I feel a compulsion to restrict many foods

Research shows that children actively seek out “Forbidden” food. If you forbid it, the contrary nature of children will make them seek it. Additionally, moral judgements around food tend to inspire unhealthy relationships with food over a lifetime. Seek to nourish, not to restrict. On the flip side, if it’s not a part of your life, they won’t ask. We don’t have sugar in our house, so our kids know that it’s a special treat when we buy some to make cookies or syrup, and they also know it’s useless to ask about cookies when there aren’t any in the house.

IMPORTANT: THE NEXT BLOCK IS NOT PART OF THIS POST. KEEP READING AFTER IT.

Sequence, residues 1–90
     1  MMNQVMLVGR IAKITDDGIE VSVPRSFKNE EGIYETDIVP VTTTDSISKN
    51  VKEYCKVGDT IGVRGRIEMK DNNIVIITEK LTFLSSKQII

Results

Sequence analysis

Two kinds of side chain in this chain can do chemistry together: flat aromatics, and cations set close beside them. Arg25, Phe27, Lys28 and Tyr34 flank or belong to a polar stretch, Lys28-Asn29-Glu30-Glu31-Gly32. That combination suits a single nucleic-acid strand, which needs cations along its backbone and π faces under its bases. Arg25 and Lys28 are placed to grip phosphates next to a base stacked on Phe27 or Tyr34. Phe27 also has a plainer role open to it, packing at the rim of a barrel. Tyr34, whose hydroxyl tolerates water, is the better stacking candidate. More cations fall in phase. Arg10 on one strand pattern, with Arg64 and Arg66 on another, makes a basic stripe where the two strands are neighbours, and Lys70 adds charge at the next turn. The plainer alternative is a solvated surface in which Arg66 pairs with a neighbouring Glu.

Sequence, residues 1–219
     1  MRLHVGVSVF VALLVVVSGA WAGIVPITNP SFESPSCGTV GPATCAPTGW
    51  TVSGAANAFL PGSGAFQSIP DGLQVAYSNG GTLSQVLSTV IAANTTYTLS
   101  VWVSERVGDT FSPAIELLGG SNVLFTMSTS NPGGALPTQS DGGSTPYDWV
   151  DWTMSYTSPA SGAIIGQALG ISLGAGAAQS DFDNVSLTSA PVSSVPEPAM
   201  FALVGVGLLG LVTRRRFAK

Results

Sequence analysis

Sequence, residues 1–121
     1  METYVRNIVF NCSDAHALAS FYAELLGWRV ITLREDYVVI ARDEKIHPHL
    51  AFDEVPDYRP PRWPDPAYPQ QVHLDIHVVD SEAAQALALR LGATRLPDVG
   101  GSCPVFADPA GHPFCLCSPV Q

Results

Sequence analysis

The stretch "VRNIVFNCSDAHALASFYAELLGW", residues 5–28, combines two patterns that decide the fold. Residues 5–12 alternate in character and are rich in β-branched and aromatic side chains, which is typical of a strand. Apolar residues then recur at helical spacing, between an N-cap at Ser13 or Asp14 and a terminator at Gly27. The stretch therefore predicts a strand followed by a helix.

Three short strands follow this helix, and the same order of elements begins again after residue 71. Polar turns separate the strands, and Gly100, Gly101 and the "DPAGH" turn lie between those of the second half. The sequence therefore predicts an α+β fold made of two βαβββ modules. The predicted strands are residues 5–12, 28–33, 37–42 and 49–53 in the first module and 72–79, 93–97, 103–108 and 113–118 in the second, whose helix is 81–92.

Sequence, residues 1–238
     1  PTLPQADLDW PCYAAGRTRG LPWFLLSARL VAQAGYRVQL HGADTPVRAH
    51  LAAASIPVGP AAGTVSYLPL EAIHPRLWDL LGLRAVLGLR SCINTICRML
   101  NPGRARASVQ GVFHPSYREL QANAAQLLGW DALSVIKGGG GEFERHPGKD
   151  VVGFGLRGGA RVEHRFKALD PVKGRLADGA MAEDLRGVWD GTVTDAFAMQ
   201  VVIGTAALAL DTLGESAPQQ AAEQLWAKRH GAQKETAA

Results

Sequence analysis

What about {insert cultural food here}

By age 1, baby can eat whatever you’re eating. Include the kiddo in your meal.

My kid is super picky! How do I feed them?

we have a blog post about that!

 

I think a lot of “How to feed baby” posts end up being sanctimonious and scaremongering. I don’t want you to come away from this feeling like feeding a baby is as stressful as defusing a bomb- it’s really not. Keep it simple, feed your kid on a regular basis, and try to introduce a variety of fruits and vegetables on a constant basis and it’s all going to work out. If you need individualized advice, you can schedule an appointment here: http://vitalitynw.com/schedule-appointment/